page/html_breadcrumbs: This block defines breadcrumbs on the page.
page/html_footer: Defines footer area of page which contains footer links, copyright message etc.
core/messages: This block renders error/success/notice messages.
page/switch: This block can be used for the language or store switcher.
Insert blocks into the config file with this syntax:
Magento is a shopping cart application written in PHP with an MVC style architecture. Model-View-Controller applications aim to separate the representation of information contained in the database from the presentation of that information to the user. This architecture pattern leads to increased reuse of code within an application, simplification of design, and ease in maintenance (separation of concerns). The model contains business rules, application data, logic, and functions. The view generates the display of the application data to the user. The controller passes information between the view and the model. Each model in the application separates an area of functionality from others.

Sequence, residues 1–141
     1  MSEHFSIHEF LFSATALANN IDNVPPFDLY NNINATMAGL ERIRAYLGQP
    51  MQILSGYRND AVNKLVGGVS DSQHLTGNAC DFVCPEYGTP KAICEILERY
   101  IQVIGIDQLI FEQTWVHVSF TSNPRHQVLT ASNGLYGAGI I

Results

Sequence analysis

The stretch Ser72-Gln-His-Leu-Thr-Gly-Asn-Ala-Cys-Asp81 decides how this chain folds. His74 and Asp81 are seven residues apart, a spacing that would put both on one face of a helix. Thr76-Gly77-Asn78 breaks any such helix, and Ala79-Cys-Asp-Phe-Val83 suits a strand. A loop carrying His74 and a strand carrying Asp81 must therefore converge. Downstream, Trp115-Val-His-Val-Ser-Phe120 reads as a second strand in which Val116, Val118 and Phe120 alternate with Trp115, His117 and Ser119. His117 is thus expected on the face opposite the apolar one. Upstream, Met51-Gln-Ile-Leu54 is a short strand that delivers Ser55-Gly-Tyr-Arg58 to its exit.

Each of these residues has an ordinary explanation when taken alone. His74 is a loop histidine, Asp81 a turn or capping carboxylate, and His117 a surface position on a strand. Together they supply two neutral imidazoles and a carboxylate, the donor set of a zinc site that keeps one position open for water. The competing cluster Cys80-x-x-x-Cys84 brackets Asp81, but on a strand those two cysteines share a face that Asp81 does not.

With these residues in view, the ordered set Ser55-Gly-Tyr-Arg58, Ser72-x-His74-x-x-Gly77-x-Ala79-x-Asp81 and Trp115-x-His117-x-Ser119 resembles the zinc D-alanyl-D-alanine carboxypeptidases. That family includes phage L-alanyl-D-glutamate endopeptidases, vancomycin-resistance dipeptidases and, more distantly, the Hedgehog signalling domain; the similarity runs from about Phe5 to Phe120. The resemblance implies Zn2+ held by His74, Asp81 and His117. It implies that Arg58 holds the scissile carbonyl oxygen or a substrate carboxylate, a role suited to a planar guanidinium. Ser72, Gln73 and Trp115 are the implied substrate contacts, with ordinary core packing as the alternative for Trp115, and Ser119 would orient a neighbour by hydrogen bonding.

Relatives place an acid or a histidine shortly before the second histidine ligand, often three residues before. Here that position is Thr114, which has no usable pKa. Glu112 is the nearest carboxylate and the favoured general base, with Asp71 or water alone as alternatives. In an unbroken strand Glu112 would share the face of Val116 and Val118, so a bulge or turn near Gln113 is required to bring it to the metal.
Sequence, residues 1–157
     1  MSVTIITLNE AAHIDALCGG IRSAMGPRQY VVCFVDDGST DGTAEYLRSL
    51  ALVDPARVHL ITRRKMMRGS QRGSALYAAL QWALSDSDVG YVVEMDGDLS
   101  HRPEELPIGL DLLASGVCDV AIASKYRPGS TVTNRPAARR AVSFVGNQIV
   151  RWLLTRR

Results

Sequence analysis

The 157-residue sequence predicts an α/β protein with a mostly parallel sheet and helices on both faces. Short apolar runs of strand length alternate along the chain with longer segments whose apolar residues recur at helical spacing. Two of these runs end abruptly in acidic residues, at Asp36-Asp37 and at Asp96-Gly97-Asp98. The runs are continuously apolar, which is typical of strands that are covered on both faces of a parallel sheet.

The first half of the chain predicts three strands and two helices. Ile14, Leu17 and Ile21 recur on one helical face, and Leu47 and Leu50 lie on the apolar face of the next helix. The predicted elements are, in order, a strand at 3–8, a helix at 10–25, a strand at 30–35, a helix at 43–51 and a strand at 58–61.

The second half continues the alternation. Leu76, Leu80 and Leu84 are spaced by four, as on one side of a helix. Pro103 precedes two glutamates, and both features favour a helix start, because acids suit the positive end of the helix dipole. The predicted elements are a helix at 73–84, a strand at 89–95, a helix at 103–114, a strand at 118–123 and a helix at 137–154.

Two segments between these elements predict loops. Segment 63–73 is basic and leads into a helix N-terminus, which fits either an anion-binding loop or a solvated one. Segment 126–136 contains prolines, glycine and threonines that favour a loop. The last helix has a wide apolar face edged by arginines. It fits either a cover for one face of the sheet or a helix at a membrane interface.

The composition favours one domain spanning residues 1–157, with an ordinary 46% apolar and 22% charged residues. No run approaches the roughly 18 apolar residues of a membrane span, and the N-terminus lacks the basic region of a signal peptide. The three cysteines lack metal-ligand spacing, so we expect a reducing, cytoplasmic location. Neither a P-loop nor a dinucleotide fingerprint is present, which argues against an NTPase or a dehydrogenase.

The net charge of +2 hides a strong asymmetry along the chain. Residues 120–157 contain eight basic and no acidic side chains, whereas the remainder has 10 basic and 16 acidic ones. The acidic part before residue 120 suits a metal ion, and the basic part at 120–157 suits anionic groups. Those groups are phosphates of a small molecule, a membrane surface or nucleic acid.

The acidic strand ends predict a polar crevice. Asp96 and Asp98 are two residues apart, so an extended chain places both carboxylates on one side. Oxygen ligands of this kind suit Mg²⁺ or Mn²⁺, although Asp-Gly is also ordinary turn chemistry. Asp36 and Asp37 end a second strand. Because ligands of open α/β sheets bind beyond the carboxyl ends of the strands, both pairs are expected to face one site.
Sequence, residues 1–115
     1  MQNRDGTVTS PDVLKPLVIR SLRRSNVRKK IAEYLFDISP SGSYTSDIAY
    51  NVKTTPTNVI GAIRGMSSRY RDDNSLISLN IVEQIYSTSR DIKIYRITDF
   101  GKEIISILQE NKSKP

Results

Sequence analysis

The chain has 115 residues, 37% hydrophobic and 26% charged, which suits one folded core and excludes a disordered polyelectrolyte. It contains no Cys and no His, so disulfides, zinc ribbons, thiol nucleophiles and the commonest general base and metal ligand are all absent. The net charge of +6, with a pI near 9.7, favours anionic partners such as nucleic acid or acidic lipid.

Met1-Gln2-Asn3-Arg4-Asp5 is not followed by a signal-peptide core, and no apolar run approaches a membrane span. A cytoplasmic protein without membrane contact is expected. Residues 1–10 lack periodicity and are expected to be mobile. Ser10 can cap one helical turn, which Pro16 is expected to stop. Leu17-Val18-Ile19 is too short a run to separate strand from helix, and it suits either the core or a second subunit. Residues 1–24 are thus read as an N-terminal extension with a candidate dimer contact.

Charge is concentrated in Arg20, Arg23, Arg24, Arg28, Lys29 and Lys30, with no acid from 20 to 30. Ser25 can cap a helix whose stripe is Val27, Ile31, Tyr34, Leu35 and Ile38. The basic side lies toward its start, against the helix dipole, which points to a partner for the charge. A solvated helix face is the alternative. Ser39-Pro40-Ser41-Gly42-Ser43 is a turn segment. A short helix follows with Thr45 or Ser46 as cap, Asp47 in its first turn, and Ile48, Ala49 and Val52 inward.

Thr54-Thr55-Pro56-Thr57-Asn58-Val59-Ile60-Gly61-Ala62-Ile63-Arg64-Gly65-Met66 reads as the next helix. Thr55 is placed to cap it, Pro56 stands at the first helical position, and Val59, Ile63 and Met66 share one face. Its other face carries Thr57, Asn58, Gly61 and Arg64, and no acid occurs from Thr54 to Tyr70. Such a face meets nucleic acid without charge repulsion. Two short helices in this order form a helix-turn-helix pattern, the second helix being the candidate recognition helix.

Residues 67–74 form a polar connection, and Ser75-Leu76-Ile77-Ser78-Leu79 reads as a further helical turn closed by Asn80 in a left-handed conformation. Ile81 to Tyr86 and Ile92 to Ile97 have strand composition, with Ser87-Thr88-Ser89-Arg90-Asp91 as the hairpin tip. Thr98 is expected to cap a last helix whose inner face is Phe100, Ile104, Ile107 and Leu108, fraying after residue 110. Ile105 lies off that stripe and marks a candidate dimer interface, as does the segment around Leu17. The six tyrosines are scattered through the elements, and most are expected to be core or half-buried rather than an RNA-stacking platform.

To extend the functionality in your Magento, you can create custom modules to do nearly anything you desire. Your custom changes should *never* be placed in the core code so you don’t lose them when you upgrade. Magento contains 3 code pools (groups of modules): core, community, and local. Your modules should be placed in community (if developing for use on multiple magento instances) or local (if developing for your single magento installation).
Namespace refers to a folder used to group similar modules together. What you place in your custom module can override what is in the core or can extend the core with altogether new functionality.